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Rupee To Trade Range Bound

Monday, March 03, 2014
By Pramit Brahmbhatt

Pramit Brahmbhatt is CEO of Alpari Financial Services (India)

The USD/INR pair continued to trade range bound last week also, Indian equities traded strong and closed on a positive note for the second consecutive week as investors gained confidence after the government's budget assured to maintain fiscal deficit. FIIs were also the net buyers this week which helped Rupee to trade strong despite of the sustained dollar demand from oil importers and banks. The tussle between the oil importers and FIIs forced the Rupee to trade in a tight range. Expect Rupee to trade range bound in the absence of any major domestic or global triggers. The trading range for the spot USD/INR pair is expected to be within 61.50 to 62.80.

It is recommended to be cautious and Buy USD/INR (Futures) on dips with the appropriate stop loss as overall Rupee is expected to depreciate. The Pivot Point for the Pair is at 62.27 and below is the Support and Resistance levels.

Japan's monthly data dump provided the market with a glimpse into the world's third largest economy. On the whole it appears the once struggling economy is finding its feet. During January industrial production increased at its fastest pace since 2011, retail trade and housing spending smashed expectations and core inflation matched a five-year high. Industrial production increased 4.0% m/m and 10.6% y/y, smashing the market's expectations of 2.8% y/y and 9.4% y/y respectively. Retail trade rose an impressive 4.4% y/y and 1.4% m/m, also beating the market's expectations. Overall household spending was similarly better than we were expecting; increasing 1.1% y/y.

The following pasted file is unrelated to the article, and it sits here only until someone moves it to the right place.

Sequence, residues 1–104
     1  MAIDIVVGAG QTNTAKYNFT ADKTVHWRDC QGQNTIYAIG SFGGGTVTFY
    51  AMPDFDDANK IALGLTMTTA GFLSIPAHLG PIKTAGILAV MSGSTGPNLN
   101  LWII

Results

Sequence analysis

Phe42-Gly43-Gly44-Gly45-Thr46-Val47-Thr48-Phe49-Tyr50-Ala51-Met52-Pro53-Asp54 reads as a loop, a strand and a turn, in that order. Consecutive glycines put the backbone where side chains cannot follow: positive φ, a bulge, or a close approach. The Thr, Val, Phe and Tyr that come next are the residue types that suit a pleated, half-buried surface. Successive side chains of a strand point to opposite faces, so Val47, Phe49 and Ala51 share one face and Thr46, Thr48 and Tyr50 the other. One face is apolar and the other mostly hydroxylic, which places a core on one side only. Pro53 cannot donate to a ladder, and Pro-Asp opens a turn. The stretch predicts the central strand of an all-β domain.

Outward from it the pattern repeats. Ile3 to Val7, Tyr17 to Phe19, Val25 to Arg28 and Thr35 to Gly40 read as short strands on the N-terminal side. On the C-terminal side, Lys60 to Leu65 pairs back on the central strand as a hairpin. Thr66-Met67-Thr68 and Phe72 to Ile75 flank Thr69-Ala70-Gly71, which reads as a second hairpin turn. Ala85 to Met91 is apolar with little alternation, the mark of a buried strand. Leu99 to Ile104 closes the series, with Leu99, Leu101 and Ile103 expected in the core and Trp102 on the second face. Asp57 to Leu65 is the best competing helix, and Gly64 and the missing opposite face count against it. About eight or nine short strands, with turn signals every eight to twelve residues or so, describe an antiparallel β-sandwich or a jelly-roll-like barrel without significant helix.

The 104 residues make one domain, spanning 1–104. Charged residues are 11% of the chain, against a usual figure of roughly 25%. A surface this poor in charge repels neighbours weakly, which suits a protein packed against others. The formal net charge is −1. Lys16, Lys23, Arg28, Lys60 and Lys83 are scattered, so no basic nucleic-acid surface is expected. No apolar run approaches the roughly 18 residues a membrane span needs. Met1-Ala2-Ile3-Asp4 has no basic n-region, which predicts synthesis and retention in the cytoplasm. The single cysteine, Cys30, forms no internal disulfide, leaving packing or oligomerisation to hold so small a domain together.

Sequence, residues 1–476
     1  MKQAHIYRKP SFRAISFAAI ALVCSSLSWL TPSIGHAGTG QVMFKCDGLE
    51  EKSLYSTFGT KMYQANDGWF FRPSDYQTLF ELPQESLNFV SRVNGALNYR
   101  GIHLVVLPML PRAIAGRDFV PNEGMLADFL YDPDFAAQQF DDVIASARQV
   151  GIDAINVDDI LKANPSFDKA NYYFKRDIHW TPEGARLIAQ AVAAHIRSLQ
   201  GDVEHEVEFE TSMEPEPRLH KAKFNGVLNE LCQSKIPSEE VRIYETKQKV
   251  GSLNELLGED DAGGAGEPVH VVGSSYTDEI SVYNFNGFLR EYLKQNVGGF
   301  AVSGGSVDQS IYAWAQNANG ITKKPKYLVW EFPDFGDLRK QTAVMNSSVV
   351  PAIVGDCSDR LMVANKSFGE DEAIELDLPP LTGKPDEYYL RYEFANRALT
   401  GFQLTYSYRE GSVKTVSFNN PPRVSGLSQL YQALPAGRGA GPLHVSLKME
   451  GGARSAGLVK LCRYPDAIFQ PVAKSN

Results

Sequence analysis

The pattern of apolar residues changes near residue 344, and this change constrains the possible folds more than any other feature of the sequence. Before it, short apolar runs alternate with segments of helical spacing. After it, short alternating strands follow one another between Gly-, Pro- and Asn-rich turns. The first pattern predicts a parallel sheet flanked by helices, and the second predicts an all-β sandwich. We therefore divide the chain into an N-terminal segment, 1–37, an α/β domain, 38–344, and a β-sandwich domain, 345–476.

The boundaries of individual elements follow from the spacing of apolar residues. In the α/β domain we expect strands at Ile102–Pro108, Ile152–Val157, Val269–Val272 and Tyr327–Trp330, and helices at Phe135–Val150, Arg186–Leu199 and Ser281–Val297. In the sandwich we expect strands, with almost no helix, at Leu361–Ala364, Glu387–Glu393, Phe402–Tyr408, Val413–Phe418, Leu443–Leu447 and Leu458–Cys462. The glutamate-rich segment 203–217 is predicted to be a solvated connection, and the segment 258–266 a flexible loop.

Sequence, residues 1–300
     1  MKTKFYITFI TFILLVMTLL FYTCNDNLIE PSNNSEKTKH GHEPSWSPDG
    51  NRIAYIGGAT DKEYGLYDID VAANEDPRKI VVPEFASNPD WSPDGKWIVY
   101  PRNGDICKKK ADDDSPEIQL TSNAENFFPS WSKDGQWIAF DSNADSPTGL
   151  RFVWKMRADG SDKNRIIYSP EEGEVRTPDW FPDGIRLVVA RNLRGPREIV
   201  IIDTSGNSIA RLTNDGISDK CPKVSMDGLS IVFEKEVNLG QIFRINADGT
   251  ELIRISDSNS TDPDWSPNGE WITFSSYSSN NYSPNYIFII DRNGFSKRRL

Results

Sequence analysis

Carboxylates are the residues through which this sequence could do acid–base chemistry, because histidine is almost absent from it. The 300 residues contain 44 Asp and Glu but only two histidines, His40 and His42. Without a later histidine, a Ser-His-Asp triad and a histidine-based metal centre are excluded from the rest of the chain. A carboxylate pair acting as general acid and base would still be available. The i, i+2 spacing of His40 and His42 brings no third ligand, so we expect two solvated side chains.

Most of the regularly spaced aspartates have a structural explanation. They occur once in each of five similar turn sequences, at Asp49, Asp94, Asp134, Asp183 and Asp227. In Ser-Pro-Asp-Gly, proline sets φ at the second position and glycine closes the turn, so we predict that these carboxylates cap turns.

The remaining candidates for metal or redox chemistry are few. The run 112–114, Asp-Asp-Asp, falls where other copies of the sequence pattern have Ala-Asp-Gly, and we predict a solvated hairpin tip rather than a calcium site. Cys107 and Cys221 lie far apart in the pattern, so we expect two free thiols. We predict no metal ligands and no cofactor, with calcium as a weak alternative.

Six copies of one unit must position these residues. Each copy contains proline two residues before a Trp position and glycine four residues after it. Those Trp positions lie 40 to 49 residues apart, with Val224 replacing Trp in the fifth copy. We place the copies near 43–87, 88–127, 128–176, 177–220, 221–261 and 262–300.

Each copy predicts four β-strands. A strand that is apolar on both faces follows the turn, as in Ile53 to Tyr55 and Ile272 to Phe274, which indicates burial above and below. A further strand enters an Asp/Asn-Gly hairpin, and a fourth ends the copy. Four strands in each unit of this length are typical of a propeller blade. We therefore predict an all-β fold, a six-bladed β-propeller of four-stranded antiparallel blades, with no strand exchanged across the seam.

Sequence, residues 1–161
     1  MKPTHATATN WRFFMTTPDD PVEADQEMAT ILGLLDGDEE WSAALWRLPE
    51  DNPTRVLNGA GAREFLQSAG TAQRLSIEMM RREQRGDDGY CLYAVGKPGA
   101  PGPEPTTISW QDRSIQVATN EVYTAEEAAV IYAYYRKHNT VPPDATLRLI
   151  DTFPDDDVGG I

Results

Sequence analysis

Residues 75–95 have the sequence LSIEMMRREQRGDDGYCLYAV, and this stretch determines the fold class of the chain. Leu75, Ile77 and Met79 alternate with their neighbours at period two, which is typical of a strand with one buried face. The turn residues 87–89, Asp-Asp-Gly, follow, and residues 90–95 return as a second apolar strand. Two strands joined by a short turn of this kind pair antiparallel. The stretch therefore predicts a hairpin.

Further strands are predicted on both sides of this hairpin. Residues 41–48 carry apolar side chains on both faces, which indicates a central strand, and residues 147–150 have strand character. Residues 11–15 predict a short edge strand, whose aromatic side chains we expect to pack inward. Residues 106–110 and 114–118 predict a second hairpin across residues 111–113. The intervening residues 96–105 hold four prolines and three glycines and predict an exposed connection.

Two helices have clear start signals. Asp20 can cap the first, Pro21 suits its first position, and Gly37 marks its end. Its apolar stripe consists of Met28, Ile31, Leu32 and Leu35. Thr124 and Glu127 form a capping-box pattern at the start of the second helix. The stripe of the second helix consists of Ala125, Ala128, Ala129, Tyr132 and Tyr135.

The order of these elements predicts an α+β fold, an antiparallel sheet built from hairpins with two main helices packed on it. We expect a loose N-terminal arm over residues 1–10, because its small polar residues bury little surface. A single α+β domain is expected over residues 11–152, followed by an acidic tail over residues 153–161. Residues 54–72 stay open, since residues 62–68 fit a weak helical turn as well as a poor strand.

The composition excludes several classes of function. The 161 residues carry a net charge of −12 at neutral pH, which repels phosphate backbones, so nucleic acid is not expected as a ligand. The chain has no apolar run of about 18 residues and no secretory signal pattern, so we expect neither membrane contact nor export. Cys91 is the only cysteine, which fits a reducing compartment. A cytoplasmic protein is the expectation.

However, digging into the inflation data it's obvious that the economy still has a long way to go. Real inflation is far less than the headline figure suggests. Japan's need to import significant quantities of food and energy (all of its nuclear power stations remained closed), combined with a lower exchange rate, distort the headline CPI figure. In other words, the rise in import prices can largely be attributed to a weaker yen, as opposed to a stronger economy.

US data was mixed but Wall Street continued to climb higher. Fed Chairman Janet Yellen in the testimony suggested that recent weakness in the economic data flow could be driven by weather impacts, though she stressed the central bank would pay attention to upcoming indicators so as to ensure that there's no fundamental slowing. On the commodity sector, the WTI crude is heading towards its first weekly loss in seven & Gold continued to gain for the fourth consecutive week despite tapering would likely go on.

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